Our Vice President, Kristin Insull, was a WTA nominated candidate for the MTS Provincial Executive. She gave a speech to the delegation and answered questions along with other candidates from around the province. Kristin was one of nine individuals elected to the Provincial Executive.

All in all, a successful AGM. For more highlights of AGM2015, please see

Special thanks to the AGM committee and the WTA delegates for their work and dedication. None of this would have happened without all of the people involved. Thank you!


Henry Shyka Honoured with MTS Life Membership

BY: Nathan Martindale, WTA President

The following resolution honouring Henry Shyka with Life Membership in The Manitoba Teachers’ Society was carried by Provincial Council at the 2015 MTS Annual General Meeting. The resolution was co-sponsored by The Seven Oaks Teachers’ Association and The Winnipeg Teachers’ Association.

The Seven Oaks Teachers’ Association with the Winnipeg Teachers’ Association are proud to nominate Henry Shyka for Life Membership in the Manitoba Teachers’ Society.

Henry began his teaching career in 1972, teaching at St. Andrews School. Henry has been active with the Lord Selkirk Teachers Association starting in 1980. Henry’s many roles on the local Executive included member at large, Education Finance Chair, Vice President and then President. Henry was elected for Provincial Executive in 1985 and contributed 4 years to the Society’s Welfare Service Steering Committee.

In 1989, Henry was nominated as a candidate for the MTS Vice President election. However on the eve of the AGM and that election Henry accepted the position of a Staff Officer.

Henry was a MTS Staff Officer for 25 years. In his first 5 years he was responsible for bargaining for 21 locals in the Western and Central regions. Some city-based bargaining certificates were also added to his portfolio before his portfolio moved to the city where he became the business agent of Winnipeg Teachers’ Association and Staff Officer to Seven Oaks Teachers’ Association.

Some positions in life inherently offer opportunities to make a difference to public education by contributing to the safeguarding of teachers’ welfare. As the WTA business agent, Henry had many occasions to do just that. He was a champion for many individual members whose personnel cases were served up daily. He was the steward of every bargaining process undertaken during the past two decades in WTA. Council Representatives, Executive members and Table Officers all drew on his counsel, expertise and experience. To the benefit of Winnipeg Teachers Association, many notable arbitrations were won during his tenure, including the one restricting the work-day to 5½ hours per day, an unfair labour practice in response to the Comprehensive Assessment Program (CAP), and religious holy leave. These are only a few of the arbitrations in addition to many others that also made successful advancements in the context of personnel cases.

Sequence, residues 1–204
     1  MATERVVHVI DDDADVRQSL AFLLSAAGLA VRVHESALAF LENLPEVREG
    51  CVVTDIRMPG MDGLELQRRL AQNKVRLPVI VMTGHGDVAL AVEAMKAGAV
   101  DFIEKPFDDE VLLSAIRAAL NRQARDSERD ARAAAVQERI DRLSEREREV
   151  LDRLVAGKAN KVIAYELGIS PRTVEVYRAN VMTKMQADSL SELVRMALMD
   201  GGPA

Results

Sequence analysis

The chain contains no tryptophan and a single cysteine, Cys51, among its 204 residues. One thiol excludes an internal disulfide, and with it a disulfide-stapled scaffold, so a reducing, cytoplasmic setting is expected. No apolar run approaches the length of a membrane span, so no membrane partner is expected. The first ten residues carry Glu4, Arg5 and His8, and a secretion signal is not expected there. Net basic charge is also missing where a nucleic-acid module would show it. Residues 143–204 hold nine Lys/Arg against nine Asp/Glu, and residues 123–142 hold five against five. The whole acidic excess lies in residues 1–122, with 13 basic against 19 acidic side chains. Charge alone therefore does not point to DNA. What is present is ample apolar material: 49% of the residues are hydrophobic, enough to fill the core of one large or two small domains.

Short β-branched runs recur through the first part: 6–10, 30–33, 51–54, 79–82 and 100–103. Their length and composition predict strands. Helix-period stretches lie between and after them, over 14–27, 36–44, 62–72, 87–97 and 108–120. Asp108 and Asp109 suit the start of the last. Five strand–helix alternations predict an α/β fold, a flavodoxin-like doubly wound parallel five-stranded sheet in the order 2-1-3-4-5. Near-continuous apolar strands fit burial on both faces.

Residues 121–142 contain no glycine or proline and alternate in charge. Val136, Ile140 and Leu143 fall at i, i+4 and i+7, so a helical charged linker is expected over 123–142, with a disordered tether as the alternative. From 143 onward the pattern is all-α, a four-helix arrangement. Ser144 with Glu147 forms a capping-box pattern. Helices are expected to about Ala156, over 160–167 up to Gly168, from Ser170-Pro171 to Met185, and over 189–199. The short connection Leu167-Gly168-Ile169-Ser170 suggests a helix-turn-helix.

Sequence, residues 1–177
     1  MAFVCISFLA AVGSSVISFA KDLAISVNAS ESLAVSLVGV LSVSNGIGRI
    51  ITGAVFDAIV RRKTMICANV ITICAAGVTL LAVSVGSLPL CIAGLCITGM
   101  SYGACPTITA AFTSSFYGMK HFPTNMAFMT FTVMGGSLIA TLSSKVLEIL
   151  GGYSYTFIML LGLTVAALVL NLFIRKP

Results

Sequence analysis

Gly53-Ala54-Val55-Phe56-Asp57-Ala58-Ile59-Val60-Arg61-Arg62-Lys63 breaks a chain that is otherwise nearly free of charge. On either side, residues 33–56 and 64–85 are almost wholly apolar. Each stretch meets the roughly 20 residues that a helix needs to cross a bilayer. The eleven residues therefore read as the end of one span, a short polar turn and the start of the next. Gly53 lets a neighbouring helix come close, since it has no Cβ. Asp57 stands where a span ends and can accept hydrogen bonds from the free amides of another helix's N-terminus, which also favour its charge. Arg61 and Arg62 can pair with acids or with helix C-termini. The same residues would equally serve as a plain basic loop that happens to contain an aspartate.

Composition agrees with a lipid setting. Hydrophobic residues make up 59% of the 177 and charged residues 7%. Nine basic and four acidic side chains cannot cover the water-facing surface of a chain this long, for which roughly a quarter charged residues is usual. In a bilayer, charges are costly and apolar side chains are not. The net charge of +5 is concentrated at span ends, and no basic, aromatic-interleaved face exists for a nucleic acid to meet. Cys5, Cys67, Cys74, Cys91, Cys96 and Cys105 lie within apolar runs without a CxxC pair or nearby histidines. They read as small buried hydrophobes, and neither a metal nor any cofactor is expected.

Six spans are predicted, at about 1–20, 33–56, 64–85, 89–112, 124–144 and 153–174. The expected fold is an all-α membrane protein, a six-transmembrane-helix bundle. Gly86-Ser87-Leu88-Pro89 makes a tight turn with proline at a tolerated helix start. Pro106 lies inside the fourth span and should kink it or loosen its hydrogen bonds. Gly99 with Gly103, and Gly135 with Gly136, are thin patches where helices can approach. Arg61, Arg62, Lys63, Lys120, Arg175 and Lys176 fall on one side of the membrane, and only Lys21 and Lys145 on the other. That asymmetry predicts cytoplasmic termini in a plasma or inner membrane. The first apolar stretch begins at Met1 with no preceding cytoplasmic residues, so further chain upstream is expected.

Henry set up the process of monthly meetings between the Winnipeg Teacher’s Association and the Human Resources Director. He also initiated on-going, regularly scheduled, face to face meetings with superintendents. One of the first teachers’ early retirement incentives plan in Canada was spear-headed by Henry. He was responsible for moving our Disability Benefits Plan from management by a private insurance company to being administered by teachers where it is now much more responsive and service oriented for our members.

Henry served on the Pension Task force for 20 years and was the chairperson from 1999 – 2014. His responsibilities included negotiating plan amendments to the Teachers’ Pension Plan with the Manitoba Government. Henry also served as a board member and on the investment committee for the Teachers Retirement Allowances Fund from 2001-2014.